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The Asia Foundation’s English Teacher Program in Korea in the 1950s

Ever wonder what it was like to teach English in Korea in the 1950s?  Frederic Dustin, an American residing in Korea for almost six decades, recalls what it was like teaching at Yonhi University (now part of Yonsei University):

“The school had returned from Busan a year or so before and there was so much damage. That first fall of ’55 was difficult. Many of the classrooms still had no windows and some were missing doors so it was terribly drafty.”

In addition to the lack of heat, there was also a dearth of education material.

“A suitable textbook was simply not available at that time. The Robert Lado series developed at the University of Michigan was mainly for Spanish speakers and certainly not for 30 or more students in a class!”

So, borrowing from the early missionaries, Dustin used a story-telling system and, instead of the Bible, utilized “a little book of Aesop’s Fables” as his text book. Pantomiming the actions of the main characters of the stories, 25-year-old Dustin was able to convey to his not-much-younger students the gist of the story. It was entertaining as well as very successful.

I am not sure if it happens now as much as it did in the past but I am sure many of us old-timers have experienced something similar:

“It was almost impossible to sit down for a cup of coffee or a meal, especially when alone, without having an elderly Korean gentleman suddenly materialize seemingly from out of nowhere saying ‘May I introduce myself? I’m Mr. XX, the Minister of so-and-so government office.’ Many of the elderly, if not educated abroad, had learned their English from U.S. or Commonwealth missionaries in Bible classes in Korea.”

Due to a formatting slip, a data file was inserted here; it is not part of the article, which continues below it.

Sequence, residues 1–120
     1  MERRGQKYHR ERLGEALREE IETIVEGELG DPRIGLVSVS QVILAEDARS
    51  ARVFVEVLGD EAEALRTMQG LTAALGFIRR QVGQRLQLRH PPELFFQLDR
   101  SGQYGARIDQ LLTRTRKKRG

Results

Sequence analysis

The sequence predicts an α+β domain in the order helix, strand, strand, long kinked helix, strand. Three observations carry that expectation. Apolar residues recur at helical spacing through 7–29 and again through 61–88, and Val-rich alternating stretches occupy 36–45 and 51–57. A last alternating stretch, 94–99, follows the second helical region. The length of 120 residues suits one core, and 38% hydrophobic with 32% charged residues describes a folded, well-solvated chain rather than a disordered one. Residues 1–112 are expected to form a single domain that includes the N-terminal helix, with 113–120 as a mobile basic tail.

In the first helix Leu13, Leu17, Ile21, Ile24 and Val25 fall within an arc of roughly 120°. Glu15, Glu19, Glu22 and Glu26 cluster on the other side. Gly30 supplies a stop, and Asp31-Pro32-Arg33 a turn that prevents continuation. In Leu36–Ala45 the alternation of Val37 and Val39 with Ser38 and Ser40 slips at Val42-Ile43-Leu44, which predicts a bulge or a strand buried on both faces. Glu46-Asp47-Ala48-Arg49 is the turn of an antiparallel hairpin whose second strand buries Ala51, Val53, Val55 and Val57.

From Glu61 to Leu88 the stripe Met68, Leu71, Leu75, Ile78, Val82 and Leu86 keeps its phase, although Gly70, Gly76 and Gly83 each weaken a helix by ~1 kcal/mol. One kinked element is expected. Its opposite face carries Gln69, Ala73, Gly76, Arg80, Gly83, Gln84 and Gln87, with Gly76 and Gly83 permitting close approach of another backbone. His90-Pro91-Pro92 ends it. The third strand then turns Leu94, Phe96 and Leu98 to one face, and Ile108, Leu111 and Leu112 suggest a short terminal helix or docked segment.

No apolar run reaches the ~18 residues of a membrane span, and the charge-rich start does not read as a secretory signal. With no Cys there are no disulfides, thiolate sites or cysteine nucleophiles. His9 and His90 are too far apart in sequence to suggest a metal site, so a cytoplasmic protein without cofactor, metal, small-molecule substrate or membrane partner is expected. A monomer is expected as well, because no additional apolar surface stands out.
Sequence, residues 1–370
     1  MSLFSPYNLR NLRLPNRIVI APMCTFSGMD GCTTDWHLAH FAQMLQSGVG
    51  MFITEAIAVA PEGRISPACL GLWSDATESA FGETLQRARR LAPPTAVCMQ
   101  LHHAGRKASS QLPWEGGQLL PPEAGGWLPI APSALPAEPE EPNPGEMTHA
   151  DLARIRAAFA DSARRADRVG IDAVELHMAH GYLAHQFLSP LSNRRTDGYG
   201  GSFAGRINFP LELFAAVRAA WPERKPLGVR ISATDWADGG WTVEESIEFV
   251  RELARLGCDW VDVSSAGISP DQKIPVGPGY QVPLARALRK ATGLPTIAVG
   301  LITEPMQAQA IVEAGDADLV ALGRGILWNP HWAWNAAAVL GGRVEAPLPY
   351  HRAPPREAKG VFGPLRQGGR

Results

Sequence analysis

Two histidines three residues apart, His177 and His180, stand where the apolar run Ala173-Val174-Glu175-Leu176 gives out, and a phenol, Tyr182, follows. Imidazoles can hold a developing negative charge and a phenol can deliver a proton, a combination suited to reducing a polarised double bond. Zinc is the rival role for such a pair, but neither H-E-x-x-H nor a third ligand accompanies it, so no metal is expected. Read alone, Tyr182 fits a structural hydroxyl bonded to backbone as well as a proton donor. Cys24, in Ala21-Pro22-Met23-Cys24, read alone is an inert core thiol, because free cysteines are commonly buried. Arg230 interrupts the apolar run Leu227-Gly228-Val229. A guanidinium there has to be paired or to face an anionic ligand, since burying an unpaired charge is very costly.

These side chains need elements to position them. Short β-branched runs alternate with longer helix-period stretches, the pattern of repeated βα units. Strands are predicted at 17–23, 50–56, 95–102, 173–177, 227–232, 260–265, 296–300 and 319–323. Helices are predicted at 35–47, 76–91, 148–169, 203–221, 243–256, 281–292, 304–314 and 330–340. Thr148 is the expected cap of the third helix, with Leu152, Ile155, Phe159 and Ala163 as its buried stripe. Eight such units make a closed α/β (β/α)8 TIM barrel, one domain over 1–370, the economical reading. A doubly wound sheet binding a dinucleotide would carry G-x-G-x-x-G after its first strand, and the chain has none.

You can read the rest of the story here (complete with pictures) – at the Korea Times.

I also wish to make a few corrections to some errors that I made.  First, the pictures are from Fred Dustin who generously granted me their use for this article.  Second, the first picture’s date should be 1959.  And third, Mr. Dustin attended University of Washington and not Washington State University.

  • belair716_

    Mr. Robert Neff,

    From your article at the KT:

    “The Dustin never left and now resides on Jeju Island where he founded the Gimnyeong Maze Park and, although he is no longer a teacher, continues to aid Korea’s education efforts through his philanthropy.”

    I think “the Gimnyeong Maze Park” is 제주 김녕 미로 공원.
    Here’s the link to the website:

    http://www.jejumaze.com

    Quoted from the above website:

    “The Jeju Kimnyoung Maze is an expression of one man’s apreciation for his adopted home. Dr Frederic H Dutin, (born in Bellingham, WA in 1930) first came to Korea in 1952. He and Mrs. Dustin moved to Jeju from Seoul in 1971. He taught in the Tourism Department of jeju National University until his retirement in December 1994. The maze project was conceived of as a way to spend his golden years in his adopted home as well as serve as a legacy for the future.”

  • JoGaYoon

    Judging the Koreans by only few individual is not proper.
    As a korean, I hate that we are called ‘ugly Korean’.